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Macron names first French female PM in three decades

By CHEN WEIHUA | China Daily | Updated: 2022-05-18 09:46
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Newly appointed French Prime Minister Elisabeth Borne attends a handover ceremony in the courtyard of Hotel Matignon in Paris on Monday. CHRISTIAN HARTMANN/REUTERS

France's new Prime Minister Elisabeth Borne said on Monday that the country needed to act "faster and stronger" to fight climate change and vowed to further work to protect the French people's purchasing power, a top concern among the population according to recent polls.

The 61-year-old technocrat, the first woman to head the French government in over 30 years, was picked on Monday by President Emmanuel Macron to replace Jean Castex, who resigned on the same day.

"We can achieve that in uniting the strength of our regions more strongly," said Borne in her inaugural speech, adding that the "right answers" will be found by staying "close to the French people".

"I want to dedicate my nomination to all little girls and tell them to go all the way in pursuing your dreams."

Borne, who had been the labor minister since 2020, has become the second female French prime minister since Edith Cresson's appointment during the presidency of Socialist leader Francois Mitterrand.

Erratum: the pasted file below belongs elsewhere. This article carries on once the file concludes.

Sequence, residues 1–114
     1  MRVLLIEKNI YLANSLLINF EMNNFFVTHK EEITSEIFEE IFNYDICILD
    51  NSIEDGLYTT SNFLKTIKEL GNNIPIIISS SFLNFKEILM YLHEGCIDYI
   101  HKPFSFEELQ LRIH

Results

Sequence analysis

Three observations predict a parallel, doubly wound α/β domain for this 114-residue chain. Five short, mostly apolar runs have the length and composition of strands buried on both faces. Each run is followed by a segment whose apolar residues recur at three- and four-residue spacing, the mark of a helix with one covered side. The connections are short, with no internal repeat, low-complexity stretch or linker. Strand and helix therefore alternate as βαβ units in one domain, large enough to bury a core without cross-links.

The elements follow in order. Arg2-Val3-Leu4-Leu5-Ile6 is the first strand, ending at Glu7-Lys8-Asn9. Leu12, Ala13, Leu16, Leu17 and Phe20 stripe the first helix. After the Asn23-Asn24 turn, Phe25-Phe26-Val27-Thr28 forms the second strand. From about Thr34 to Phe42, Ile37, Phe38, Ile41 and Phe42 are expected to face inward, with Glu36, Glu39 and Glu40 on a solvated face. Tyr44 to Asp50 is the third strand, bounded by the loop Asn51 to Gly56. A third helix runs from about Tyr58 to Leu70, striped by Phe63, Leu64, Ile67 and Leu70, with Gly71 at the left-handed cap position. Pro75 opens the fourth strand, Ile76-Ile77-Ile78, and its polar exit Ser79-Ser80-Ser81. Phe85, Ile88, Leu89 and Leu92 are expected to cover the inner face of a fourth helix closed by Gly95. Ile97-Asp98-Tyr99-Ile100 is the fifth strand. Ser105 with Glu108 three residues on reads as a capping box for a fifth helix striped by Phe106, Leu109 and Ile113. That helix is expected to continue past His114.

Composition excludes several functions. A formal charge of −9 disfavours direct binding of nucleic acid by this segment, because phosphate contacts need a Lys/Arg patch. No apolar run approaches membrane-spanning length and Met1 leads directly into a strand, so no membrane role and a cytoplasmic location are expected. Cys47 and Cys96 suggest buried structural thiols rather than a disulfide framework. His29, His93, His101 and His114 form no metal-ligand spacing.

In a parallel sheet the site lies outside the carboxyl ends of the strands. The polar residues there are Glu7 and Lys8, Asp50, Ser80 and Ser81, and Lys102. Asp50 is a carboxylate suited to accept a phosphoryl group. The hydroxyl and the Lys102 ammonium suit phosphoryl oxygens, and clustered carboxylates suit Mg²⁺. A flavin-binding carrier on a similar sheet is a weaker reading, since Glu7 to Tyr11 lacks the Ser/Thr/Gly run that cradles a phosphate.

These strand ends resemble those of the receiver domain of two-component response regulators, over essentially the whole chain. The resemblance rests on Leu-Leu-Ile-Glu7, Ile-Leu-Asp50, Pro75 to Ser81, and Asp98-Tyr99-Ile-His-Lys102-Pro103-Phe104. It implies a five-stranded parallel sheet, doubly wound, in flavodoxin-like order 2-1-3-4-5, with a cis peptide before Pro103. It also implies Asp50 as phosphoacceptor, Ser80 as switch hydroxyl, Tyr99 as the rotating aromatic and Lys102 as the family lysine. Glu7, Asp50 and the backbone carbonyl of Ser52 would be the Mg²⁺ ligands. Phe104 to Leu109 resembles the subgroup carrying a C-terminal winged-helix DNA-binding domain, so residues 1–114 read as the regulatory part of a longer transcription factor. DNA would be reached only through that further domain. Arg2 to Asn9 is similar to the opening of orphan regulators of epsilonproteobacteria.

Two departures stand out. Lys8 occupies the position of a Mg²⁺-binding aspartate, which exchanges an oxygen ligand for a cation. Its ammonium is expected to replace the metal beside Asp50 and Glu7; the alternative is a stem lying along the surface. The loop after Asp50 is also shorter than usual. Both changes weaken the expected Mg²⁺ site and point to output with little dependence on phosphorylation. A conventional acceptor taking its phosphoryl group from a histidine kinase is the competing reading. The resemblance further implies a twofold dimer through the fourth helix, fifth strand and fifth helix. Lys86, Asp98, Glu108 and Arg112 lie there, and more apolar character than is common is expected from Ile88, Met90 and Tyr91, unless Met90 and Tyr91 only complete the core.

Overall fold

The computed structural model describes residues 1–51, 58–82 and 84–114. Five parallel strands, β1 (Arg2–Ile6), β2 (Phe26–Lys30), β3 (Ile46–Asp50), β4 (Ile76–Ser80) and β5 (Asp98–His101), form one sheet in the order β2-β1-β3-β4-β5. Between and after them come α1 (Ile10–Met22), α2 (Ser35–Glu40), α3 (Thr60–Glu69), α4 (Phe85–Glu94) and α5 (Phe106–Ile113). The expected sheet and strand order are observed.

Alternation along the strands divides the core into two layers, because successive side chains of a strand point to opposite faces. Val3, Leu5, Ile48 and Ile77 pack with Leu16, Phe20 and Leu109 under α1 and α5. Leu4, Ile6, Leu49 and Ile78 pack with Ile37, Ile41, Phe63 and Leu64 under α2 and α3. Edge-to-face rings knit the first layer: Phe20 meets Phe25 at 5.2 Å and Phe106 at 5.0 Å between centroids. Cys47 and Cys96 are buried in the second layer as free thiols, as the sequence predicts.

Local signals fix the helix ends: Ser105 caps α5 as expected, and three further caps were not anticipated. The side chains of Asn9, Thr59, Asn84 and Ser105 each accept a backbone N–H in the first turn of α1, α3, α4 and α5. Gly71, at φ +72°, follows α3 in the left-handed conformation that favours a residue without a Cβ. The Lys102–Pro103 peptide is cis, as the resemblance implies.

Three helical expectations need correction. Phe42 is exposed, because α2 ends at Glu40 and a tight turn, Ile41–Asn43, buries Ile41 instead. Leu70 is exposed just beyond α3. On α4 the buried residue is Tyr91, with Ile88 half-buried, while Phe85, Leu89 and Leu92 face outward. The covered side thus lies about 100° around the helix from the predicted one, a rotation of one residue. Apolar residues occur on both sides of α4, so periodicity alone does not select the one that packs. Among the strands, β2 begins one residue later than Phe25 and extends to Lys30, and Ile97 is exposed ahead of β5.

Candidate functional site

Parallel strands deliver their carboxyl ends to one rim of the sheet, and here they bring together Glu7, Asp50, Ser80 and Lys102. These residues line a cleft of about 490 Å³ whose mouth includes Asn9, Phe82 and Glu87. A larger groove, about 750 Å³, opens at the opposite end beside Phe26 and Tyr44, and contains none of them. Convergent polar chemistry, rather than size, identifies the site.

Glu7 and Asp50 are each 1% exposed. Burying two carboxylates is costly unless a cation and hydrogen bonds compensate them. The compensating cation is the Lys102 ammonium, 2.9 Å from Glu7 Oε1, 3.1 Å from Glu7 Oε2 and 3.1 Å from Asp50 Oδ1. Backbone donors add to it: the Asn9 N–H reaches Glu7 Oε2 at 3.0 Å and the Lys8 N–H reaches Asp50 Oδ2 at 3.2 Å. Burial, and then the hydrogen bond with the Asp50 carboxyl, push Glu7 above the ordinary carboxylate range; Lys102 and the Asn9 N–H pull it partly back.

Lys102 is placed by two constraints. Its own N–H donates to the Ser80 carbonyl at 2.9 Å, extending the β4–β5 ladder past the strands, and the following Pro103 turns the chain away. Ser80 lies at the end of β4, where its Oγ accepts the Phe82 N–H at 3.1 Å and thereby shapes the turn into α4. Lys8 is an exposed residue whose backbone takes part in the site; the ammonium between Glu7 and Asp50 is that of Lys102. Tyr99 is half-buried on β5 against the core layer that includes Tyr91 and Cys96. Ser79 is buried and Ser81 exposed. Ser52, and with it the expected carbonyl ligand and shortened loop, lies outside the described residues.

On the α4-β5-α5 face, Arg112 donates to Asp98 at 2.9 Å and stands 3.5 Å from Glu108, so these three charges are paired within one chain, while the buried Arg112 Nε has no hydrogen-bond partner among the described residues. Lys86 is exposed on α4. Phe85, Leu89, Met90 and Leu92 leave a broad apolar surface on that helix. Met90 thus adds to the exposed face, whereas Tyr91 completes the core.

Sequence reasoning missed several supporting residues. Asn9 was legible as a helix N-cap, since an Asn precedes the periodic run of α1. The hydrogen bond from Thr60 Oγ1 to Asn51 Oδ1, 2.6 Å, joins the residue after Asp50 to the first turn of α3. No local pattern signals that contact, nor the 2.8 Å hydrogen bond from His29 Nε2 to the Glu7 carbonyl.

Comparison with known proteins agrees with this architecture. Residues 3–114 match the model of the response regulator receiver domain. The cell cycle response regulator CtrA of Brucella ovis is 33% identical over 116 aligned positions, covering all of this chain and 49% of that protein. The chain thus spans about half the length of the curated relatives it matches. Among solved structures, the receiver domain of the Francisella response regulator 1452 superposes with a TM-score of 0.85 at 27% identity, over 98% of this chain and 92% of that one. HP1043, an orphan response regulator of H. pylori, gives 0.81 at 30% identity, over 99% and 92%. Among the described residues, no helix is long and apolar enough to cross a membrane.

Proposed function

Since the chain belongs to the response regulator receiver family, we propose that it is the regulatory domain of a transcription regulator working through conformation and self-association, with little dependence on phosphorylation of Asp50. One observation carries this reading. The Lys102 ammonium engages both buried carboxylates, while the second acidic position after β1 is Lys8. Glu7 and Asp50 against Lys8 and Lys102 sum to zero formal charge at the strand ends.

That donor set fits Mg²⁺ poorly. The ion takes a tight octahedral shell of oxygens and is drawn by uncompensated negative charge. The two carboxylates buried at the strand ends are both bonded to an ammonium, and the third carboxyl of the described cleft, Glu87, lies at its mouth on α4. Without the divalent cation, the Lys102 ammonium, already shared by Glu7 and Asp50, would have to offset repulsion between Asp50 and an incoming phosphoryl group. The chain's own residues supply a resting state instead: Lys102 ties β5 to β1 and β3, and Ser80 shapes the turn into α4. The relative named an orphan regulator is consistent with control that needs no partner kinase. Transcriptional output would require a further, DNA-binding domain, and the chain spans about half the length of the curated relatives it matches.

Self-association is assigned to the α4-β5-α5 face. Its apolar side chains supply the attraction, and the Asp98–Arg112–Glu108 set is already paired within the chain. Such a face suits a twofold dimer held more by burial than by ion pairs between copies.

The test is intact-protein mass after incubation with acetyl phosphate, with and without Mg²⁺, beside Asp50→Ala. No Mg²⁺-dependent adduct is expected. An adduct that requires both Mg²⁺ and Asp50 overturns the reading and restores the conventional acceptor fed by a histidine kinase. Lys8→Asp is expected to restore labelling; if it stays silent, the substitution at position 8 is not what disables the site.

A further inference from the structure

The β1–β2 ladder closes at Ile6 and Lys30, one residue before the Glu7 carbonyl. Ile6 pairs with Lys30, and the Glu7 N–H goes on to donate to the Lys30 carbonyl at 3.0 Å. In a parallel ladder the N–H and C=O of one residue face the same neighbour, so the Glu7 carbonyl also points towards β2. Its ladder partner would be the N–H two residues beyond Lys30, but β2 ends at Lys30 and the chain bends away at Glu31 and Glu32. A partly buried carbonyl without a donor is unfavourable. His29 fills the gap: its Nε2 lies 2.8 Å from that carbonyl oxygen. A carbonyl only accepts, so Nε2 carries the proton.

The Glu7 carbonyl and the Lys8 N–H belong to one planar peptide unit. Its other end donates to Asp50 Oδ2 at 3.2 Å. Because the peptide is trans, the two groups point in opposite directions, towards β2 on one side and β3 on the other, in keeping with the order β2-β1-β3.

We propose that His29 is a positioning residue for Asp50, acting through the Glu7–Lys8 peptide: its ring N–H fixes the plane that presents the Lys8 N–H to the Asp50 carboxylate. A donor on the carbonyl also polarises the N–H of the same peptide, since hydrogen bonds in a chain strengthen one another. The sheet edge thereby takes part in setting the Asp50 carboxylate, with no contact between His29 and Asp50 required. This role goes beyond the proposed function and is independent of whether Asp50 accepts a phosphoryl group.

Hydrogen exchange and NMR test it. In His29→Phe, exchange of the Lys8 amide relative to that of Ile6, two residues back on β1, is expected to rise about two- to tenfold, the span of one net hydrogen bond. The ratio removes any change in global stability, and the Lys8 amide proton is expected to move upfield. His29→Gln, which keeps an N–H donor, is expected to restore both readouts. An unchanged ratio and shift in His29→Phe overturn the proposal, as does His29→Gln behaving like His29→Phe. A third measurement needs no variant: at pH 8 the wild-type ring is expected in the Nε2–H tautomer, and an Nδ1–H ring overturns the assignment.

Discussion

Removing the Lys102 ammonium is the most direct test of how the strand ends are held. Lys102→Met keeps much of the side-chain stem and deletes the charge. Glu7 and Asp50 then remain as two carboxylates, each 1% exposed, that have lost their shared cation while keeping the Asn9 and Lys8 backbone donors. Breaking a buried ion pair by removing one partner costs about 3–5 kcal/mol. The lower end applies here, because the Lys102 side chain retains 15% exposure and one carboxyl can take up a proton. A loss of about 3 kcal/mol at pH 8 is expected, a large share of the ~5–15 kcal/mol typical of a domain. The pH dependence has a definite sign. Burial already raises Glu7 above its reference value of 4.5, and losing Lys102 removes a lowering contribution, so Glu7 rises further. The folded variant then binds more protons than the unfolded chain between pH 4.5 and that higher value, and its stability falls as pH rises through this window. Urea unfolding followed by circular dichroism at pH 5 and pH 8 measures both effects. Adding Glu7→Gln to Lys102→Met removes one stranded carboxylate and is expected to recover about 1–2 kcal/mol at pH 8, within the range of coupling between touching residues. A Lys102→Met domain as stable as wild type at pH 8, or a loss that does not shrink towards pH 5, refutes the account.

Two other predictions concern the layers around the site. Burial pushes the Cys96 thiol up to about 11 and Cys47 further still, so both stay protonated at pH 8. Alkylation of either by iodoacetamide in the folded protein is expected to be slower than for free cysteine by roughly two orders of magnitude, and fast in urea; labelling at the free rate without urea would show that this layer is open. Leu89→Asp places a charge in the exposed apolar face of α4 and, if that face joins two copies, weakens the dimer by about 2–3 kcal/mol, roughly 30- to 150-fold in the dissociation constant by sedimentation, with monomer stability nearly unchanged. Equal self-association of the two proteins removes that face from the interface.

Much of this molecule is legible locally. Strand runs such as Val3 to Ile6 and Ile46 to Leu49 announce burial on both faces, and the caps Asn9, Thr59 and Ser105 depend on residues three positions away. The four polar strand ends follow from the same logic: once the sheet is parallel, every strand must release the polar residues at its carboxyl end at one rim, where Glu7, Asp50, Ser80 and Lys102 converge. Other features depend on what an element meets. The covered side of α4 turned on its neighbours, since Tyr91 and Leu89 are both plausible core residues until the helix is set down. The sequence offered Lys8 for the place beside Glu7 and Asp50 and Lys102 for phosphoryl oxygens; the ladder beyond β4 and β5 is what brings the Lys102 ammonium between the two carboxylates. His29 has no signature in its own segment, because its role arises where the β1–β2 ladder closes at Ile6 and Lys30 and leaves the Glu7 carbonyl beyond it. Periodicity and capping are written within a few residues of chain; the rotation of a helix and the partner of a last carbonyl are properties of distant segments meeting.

"It was really time there was another woman (in that position) and I know Mrs Borne is a remarkable person with a lot of experience… I think it is a very good choice," Cresson told BFM television.

Borne will be in charge of steering through Macron's controversial pension reform, including raising the minimum retirement age from 62 to 65.

Macron had reportedly wanted to promote a woman and said he wished to appoint "someone who was strong on social issues, environmental and production issues".

"Ecology, health, education, full employment, democratic revival, Europe and security: together, with the new government, we will continue to act tirelessly for the French people," wrote Macron in a tweet shortly after Borne's appointment.

The two are expected to name the full new cabinet in the coming days.

Borne joined Macron's centrist La Republique En Marche party in 2017 and first served as transport minister and then minister of ecological transition during Macron's first term.

Her appointment came at a critical time as France goes into two rounds of parliamentary elections in June, in which both the far left and far right will pose big challenges. The elections will determine which political group holds the majority of seats at the National Assembly, which has the final say over the Senate in France's lawmaking process.

Far-left leader Jean-Luc Melenchon, who came in third in the first round of the presidential election, had coveted the prime minister job and immediately criticized the new appointment on Monday.

"She is a sign of continuity for Macron, it's a new season of social and environmental abuse that is opening. Her appointment is deceptive, we are told she is a woman of the left, but we don't think she deserves that label," he said in a video feed. Melenchon has formed a left alliance to challenge Macron in the parliamentary elections.

"Emmanuel Macron displays …his wish to continue his policy of disdain… of social destruction, of fiscal racketeering," tweeted far-right leader Marine Le Pen on Monday.

Agencies contributed to this story.

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